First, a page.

Customer data disorder is the conflict between the characteristics of parties in the real world and the information you have about them. In IT terms, there is the entity in the real world and the information about the entity in the world stored in databases and managed by business applications. Party is the entity itself in the real world. Party data is the information entity that contains information about the party entity in the real world. According to IDC, the average company has 49 applications that operate on 14 different customer databases and, on average, no more than 20 percent of customer data resides in a single location.2 Very often there is a different meaning for party within a business based on function every place there’s party data. This includes different business definitions, different logical models, different application logic, different data values and keys that cannot be easily reconciled across sources. Additionally, people and businesses in the real world change constantly. And of course, the speed of business and the number of contact channels used continues to accelerate and expand. No wonder “single view of customer” continues to come out on top in various surveys related to information management, business requirements and challenges. Customer data disorder is the serious business condition that arises from a deep misalignment between the parties you do business with and the information you have about them across the enterprise.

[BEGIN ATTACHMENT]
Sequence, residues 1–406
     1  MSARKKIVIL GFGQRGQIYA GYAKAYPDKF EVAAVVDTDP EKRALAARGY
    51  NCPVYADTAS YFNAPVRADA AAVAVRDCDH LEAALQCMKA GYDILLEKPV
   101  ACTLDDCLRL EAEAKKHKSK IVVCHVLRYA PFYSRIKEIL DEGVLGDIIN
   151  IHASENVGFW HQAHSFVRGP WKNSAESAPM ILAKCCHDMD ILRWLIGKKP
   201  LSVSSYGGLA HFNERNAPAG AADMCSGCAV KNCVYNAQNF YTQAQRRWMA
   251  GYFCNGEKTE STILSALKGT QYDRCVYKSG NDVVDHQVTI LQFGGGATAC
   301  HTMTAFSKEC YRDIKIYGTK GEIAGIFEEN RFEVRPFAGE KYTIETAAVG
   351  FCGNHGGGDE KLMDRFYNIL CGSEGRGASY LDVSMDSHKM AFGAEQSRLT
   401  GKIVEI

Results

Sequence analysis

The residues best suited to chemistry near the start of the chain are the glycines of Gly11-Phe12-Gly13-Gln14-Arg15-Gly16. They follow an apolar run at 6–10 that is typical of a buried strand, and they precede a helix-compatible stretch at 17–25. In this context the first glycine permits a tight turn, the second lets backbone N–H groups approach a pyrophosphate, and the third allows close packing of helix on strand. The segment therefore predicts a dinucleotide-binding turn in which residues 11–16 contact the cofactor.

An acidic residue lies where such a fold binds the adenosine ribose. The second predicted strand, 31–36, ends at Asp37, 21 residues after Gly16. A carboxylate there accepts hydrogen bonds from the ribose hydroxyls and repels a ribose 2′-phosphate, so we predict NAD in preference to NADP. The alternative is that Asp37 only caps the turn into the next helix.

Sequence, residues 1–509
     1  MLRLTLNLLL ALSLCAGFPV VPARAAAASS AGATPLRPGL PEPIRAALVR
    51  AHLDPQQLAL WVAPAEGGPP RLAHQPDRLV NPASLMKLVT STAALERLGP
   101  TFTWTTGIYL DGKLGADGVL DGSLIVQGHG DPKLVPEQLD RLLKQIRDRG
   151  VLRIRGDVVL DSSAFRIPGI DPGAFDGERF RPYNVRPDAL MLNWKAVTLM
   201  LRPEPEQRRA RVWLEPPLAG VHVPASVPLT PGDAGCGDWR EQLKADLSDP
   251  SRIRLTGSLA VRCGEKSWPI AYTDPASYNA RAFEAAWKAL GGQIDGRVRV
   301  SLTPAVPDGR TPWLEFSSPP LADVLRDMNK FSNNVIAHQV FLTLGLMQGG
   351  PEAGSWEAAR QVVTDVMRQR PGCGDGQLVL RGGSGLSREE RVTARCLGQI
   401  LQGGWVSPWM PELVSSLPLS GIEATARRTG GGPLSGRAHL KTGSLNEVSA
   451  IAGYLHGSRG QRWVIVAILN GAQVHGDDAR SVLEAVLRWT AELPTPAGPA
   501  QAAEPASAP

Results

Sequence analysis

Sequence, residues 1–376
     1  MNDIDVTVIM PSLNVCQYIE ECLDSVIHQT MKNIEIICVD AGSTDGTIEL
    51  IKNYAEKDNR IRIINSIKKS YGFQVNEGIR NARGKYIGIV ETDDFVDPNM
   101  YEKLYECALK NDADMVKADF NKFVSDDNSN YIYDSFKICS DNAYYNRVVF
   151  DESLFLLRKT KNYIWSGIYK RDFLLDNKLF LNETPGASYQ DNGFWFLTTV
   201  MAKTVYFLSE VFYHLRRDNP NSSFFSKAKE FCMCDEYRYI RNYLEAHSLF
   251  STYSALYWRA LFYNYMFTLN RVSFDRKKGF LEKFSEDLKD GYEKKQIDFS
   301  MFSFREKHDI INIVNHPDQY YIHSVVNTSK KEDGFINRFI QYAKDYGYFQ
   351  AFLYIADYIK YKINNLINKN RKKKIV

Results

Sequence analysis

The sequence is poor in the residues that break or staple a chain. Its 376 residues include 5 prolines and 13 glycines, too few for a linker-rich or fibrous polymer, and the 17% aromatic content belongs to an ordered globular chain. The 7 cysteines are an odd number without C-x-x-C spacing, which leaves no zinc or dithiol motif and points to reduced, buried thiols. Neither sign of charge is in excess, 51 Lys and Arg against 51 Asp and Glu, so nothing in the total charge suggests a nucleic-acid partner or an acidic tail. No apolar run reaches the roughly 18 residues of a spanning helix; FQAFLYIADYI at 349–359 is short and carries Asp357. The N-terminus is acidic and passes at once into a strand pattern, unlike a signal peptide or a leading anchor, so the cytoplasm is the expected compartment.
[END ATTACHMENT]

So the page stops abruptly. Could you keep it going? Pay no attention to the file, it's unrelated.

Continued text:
Party Information Comes in Layers

An important nuance when working with party data is to understand the difference between the data that attributes the party itself and the data that describes the party in the context of a business relationship. Customer data disorder is so insidious in part because there are many legitimate contexts within a single business organization that differ in function yet depend on core party data that must be consistent and accurate across sources. Party identifying attributes are the facts that characterize a single party. Naturally, significant differences exist between person parties and business parties, and location plays an important role in both cases.

While there is one party - like a person - in the real world, there are many instances of the information entity or set of identifying attributes in the various databases that hold business information in an organization. This condition is commonly referred to as duplication and occurs within a single data source and also across sources. Party keys link different sets of data instances that describe the same party in the real world. The process referred to as deduplication removes the duplicates in a single source by first determining that two or more sets of data attributes describe the same party in the real world. A new group key is then assigned to all the instances of those identifying attributes. This is often referred to as a cross reference between the source record keys and the group keys that are assigned to record sets of identifying attributes that describe the same entity in the real world. Duplicates are eliminated because the group keys more accurately represent the actual number of parties contained in a data set. The process works the same way across data sets. In both cases, the duplication percentage reflects the amount of redundancy - or how inaccurate the party data really is. The higher the duplication percentage, the poorer the quality of the party information.